I keep meaning to do this because I don’t always get time for long detailed blog posts these days. There have been lots of interesting things going on this week so thought I’d do a quick round up. I hope you enjoy this content and I’d love to hear your feedback. Please note there are affiliate links in this post, which help to support the costs of this blog (just renewed my hosting!), however you may of course prefer not to use these.
I have appreciated the thoughtful content posted by Huma on her Instagram account Our Story time and have bookmarked her post on Inclusivity here to read at the weekend. I am intrigued by her writing course as well, having been a keen writer when I was younger! She has also written a book ‘In Spite of Oceans‘ which sounds wonderful. On a similar note, Rabya has written a blog post here on Representation.
I have discovered the joys of a traditional breakfast, not something I have time for regularly but a treat once in a while. I made the sugar parathas from Veg Recipes of India, they reminded me of some wonderful sweet ‘roti planta’ I tried at Roti King near Euston. I had the parathas with hot sweet chai a la Dishoom, recipe below:
- Two teabags
- small piece grated ginger
- 4 green cardamoms
- 3 cloves
- cinnamon stick
- 5 black peppercorns
- one cup water
- 2/3 cup milk
Directions: Pour the water in to a pot and add teabags and all the spices. Warm it up gently, allowing it to brew for 10 minutes. Pour in the milk; bring it to the boil, remove tea bags and simmer for 10 more minutes. Strain and serve.
I have recently read How to Stop Time by Matt Haig, and The House of Silk by Anthony Horowitz. How to Stop Time was a surprisingly emotional read, with a theme of loss and hopelessness which was very moving. Moving back and forwards in time required some concentration but it was worthwhile to truly lose myself in a wonderful book. I have picked up his ‘Reasons to Stay Alive‘ from the library to try as well. The House of Silk was a very well written pastiche of Sherlock Holmes, although the theme was a little disturbing for my tastes.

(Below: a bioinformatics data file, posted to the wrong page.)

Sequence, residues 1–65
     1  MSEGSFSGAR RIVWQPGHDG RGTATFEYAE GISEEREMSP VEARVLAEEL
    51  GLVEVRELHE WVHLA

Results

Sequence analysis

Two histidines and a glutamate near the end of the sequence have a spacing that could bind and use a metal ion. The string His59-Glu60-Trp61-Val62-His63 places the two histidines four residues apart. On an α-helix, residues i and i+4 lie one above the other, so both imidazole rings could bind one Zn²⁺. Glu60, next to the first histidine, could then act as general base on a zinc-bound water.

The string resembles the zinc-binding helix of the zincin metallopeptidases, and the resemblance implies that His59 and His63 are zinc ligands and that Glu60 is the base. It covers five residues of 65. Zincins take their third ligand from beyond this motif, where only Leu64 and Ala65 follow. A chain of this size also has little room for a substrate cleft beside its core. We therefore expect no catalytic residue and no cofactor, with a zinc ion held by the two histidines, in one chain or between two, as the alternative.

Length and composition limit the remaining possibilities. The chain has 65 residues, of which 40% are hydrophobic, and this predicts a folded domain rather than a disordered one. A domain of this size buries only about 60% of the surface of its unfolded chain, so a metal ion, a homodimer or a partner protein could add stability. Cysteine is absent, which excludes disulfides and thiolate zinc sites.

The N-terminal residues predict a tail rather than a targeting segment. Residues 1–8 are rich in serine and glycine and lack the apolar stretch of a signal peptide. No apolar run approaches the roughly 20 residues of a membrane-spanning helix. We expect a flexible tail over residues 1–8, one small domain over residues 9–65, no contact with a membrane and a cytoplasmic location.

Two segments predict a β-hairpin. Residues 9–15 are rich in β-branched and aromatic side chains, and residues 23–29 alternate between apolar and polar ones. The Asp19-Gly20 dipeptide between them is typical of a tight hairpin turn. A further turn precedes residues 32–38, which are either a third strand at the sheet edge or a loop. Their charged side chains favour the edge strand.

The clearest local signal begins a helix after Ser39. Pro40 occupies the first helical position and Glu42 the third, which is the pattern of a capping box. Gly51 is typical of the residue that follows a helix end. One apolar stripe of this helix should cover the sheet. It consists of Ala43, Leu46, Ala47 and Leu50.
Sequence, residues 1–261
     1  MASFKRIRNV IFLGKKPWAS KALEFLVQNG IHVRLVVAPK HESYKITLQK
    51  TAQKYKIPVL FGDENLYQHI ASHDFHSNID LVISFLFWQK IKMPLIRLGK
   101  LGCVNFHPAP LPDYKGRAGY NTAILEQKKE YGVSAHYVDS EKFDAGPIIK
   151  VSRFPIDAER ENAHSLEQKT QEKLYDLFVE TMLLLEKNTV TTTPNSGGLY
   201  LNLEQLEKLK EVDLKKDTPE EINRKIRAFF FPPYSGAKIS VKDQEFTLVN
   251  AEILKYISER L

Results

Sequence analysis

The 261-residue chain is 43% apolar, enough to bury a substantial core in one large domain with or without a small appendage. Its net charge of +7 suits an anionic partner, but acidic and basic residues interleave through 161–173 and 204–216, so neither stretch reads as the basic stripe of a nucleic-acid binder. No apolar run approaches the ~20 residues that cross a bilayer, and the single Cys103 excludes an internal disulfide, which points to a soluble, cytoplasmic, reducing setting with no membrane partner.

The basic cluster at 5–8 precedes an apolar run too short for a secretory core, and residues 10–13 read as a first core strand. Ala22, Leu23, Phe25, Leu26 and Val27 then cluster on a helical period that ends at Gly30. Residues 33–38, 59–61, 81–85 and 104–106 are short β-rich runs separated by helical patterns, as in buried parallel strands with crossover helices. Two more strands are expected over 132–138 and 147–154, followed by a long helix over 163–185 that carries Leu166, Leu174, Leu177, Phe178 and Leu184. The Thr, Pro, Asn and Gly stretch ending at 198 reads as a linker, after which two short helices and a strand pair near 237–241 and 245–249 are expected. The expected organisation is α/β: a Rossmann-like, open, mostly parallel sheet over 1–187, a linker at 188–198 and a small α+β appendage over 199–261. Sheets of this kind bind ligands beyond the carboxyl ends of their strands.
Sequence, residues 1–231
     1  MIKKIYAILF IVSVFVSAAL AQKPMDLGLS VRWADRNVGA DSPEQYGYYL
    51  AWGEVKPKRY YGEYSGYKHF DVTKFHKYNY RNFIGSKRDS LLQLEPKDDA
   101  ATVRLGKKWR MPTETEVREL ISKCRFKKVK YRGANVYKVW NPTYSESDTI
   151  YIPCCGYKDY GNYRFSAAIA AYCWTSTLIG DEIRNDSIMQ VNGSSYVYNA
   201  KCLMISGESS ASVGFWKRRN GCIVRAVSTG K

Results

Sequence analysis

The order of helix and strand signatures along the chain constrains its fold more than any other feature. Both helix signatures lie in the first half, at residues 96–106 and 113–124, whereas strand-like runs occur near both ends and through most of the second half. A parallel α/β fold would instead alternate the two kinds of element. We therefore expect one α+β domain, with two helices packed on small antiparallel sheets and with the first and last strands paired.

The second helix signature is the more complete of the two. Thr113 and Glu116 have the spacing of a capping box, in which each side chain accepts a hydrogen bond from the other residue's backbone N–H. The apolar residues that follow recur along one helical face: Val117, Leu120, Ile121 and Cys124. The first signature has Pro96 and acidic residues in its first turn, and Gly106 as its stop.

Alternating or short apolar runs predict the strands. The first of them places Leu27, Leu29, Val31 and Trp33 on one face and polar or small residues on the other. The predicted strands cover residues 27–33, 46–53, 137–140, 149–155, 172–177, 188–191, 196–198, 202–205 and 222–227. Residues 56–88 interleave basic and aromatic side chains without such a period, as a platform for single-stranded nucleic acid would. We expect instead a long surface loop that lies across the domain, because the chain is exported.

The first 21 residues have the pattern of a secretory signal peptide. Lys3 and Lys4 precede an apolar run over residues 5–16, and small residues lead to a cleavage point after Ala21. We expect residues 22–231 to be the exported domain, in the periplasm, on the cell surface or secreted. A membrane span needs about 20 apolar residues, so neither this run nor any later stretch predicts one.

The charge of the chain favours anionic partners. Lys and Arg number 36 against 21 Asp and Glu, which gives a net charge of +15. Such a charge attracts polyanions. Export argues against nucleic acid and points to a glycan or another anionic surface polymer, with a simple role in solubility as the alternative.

My husband and I watches the BBC’s Les Miserables this week and I’m so glad we did as it was a wonderful period drama. Having managed to avoid knowing much about the story, we were completely absorbed in the tragedy and horror. Episode 2 nearly broke us but we managed to get through it and watch to the end! Noteably, many of the characters were people of colour and it was very welcome to see in a period drama. On radio, I have enjoyed listening to ‘Threads of Life‘ on Radio 4, which touches on aspects of feminism and traditionally gendered crafts such as knitting and sewing. The art installation Womanhouse was mentioned which sounded fascinating. Another episode focussed on embroidery by female prisoners of war. I also enjoyed listening to Noor Taghouri’s interview on Woman’s Hour today. She is a somewhat controversial figure as she has previously been interviewed for Playboy (in her role as a journalist) but was recently misidentified in a Vogue photoshoot.
Sewover50 has a new challenge called #So50visible which is trying to raise awareness of the lack of age diversity in sewing. Most images related to sewing show young, white, tall and thin women and they would like to challenge that and encourage us to think outside of this narrow framework. I have finished my Deer and Doe Opium coat and am now working on some new clothes for my daughter who has grown a lot recently. Knitting-wise I have finished my daughter’s Olive’s Chunky Lace and am making good progress on my So Faded Sweater (shown above). I am hoping to wear it at Edinburgh Yarn Festival so am setting myself some targets to get it finished on time!
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